AMA backs bills to stop Medicare imaging pay cuts
■ The Obama administration has proposed expanding policies reducing payment for multiple imaging services to boost primary care pay rates.
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Washington Radiologists, cardiologists and other physicians providing advanced imaging services to Medicare patients have some new ammunition in their fight to undo a program policy that pays less for multiple scans interpreted for the same patient on the same day.
On Aug. 22, the American Medical Association sent letters of support to the sponsors of House and Senate legislation that would rescind the multiple payment reduction policy applying to the professional component of certain services. The letters were a result of action at the AMA House of Delegates Annual Meeting in Chicago in June, when attendees voted in favor of such a move.
Under current Medicare policy, if a physician interprets multiple advanced imaging scans provided to a single patient on the same day, the payment for the second and any subsequent scan is decreased by 25%. Under a proposed 2013 fee schedule rule released in July, this policy would be expanded so that the reduction would apply even if two different physicians in the same practice interpreted multiple scans provided to the same patient in a single office visit.
Bills by Sen. Ben Cardin (D, Md.) and Rep. Pete Olson (R, Texas) would roll back the policy and stop its expansion by preventing Medicare from applying any pay cut to the professional component of the services unless the reduction were found to be warranted — by a national imaging specialty medical society under the House bill or by an expert panel convened by the Institute of Medicine under the Senate bill.
“Imaging services performed in physician offices have been subjected to substantial cuts over the last several years, and the AMA’s analysis of 2010 Medicare claims data suggests that advanced imaging services are already shifting from physician offices to the higher-cost hospital outpatient setting, where Medicare makes payment to the facility, as well as the physician,” AMA Executive Vice President and CEO James. L Madara, MD, wrote in the letters to the lawmakers. “Additionally, for a substantial number of imaging services, the total payment is significantly higher in the hospital outpatient setting than in a physician’s office. Medicare beneficiaries also lose in this scenario, because they are subject to higher co-payments for these services when furnished in a hospital outpatient setting.”
The American College of Radiology cheered the Association’s backing of legislation to undo the professional component payment reduction and stop its expansion in 2013.
“The support of the AMA reflects concern throughout organized medicine as to how CMS continues to make flawed physician payment policies based on little supportable data, minimal transparency and often times a basic lack of understanding as to how radiology is practiced in this country,” said Paul H. Ellenbogen, MD, chair of the ACR board of chancellors.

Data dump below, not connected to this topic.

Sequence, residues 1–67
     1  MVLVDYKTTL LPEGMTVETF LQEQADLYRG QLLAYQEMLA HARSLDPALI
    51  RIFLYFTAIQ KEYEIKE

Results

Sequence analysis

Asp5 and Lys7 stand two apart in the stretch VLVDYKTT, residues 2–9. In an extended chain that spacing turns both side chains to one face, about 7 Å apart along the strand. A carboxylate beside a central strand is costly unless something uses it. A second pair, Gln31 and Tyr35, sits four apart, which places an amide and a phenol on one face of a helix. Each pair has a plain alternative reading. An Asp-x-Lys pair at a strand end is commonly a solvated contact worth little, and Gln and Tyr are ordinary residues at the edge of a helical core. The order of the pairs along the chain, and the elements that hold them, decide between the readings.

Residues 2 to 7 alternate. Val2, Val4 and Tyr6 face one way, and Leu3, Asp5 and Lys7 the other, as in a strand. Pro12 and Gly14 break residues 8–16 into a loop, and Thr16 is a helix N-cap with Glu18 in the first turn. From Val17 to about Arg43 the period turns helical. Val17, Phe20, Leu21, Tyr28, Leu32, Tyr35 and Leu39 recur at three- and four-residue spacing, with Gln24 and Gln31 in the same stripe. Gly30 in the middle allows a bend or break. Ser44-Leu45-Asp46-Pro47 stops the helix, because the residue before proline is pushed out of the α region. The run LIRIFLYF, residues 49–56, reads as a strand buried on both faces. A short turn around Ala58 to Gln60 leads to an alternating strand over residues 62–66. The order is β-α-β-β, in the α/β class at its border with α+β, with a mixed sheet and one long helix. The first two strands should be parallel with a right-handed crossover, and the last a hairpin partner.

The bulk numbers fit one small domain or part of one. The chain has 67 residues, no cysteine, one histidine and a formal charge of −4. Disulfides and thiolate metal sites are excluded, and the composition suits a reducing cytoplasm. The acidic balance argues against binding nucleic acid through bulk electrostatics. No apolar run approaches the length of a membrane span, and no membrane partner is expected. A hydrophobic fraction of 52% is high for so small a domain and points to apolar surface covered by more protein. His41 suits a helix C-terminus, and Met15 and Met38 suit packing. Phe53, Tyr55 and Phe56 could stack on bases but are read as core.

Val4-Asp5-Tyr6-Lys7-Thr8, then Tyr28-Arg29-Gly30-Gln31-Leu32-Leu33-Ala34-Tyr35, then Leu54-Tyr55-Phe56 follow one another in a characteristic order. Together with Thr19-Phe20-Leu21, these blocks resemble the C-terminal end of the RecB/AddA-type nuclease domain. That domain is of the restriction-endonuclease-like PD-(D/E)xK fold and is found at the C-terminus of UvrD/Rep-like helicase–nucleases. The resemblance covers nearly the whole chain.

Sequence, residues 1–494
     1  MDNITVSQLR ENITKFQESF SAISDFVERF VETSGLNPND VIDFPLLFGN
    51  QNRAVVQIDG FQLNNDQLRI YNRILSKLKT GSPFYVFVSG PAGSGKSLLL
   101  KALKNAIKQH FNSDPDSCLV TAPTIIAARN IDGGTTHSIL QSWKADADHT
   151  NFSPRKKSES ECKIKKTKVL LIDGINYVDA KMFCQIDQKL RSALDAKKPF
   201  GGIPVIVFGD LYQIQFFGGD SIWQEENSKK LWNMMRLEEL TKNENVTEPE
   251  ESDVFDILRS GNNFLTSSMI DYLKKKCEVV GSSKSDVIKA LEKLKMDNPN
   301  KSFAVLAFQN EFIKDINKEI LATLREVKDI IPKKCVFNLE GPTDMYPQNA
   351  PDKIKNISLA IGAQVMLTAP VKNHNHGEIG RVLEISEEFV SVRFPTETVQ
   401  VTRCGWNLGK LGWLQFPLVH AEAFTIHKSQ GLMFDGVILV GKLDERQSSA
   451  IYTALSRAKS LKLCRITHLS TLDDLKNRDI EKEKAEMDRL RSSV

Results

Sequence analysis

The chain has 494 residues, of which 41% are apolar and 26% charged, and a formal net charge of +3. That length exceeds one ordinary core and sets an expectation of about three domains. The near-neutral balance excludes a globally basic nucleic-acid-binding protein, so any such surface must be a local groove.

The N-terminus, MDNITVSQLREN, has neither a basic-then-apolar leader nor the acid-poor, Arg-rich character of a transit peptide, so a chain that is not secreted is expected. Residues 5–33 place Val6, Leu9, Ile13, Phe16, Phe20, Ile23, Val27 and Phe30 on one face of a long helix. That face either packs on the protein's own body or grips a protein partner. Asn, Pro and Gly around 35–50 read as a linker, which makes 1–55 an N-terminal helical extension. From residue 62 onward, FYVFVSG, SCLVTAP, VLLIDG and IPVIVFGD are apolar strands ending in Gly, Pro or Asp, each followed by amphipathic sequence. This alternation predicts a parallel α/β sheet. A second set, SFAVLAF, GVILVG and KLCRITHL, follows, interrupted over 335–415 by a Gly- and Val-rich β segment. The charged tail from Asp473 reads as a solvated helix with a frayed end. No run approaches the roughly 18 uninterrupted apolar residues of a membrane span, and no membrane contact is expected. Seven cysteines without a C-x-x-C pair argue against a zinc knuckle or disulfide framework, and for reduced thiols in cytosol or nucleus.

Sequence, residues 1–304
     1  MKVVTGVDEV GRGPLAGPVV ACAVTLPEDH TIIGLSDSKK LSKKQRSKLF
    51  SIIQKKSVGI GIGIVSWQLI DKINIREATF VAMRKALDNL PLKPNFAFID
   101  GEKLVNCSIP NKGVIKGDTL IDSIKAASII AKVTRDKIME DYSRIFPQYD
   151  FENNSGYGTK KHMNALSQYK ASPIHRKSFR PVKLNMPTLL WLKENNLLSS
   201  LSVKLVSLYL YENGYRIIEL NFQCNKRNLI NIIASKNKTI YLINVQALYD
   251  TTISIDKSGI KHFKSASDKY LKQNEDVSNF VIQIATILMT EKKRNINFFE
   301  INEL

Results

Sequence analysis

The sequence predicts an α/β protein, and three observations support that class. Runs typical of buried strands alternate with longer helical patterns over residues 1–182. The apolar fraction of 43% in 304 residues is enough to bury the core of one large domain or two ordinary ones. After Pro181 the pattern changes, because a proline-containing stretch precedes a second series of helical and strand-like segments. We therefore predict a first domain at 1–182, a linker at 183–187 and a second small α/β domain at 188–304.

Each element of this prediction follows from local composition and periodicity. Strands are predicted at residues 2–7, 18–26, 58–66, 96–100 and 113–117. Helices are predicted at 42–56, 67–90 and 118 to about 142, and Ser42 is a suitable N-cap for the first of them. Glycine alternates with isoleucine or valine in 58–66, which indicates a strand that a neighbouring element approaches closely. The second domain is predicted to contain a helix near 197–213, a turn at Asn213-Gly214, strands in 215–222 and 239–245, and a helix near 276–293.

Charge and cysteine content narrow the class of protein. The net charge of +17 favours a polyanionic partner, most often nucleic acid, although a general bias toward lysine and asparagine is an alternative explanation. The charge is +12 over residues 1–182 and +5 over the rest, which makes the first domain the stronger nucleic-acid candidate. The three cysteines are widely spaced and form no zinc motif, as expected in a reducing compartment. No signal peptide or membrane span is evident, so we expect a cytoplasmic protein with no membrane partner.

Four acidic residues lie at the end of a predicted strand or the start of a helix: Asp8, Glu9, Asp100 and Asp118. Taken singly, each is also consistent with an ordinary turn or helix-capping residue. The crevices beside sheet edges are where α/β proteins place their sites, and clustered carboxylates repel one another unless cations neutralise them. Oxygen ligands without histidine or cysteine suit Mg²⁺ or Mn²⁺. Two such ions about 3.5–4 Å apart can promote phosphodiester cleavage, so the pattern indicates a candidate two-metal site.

Physicians who provide advanced imaging to patients insisted that CMS is vastly overestimating the efficiencies that practices can realize by interpreting multiple scans provided to a single patient on the same day. They also said practices can derive virtually no added efficiency when two separate scans of a single patient must be interpreted by different physicians in the same practice.
But CMS said in the proposed fee schedule that the pay reductions were warranted, saying doctors don’t need to spend as much time reviewing patients’ medical histories and performing other aspects of the interpretation process when they are looking at multiple images for the same person.
Moreover, the agency said, the program has been overpaying for such screenings for years and underpaying for certain primary care services. In part by continuing to apply and by expanding the multiple procedure payment reduction, officials project that overall Medicare pay rates for family physicians, internists, geriatricians and pediatricians will go up by an average of 4% to 7% in 2013. Because any such administrative pay revisions must be budget-neutral to the program, if CMS were to back off the imaging policy or be required to do so by Congress, total primary care rates would not go up as much.
Cardiac, eye screens added to the mix
The proposed 2013 Medicare fee schedule also would expand the program’s policy of paying less for the technical component of certain imaging services provided to the same patient on the same day. If made final, the new provision would implement the 25% pay reduction for the professionals who administer scores of diagnostic cardiovascular and ophthalmology screenings, including many interventional radiology and nuclear medicine codes.
The American College of Cardiology is one of the groups fighting that policy expansion as well, indicating that it actually will lead to less efficiency by removing an incentive for practices to bundle the administration of separate scans into the same patient visit.
“This policy disadvantages physicians who aim for efficiency and reduces payments based on a misguided understanding of how different services, such as echocardiography and SPECT imaging, are from one another,” ACC President William Zoghbi, MD, said in a statement after the July release of the proposed fee schedule. “Furthermore, it would lead to a major inconvenience to patients.”
The proposed fee schedule is set to be finalized in November.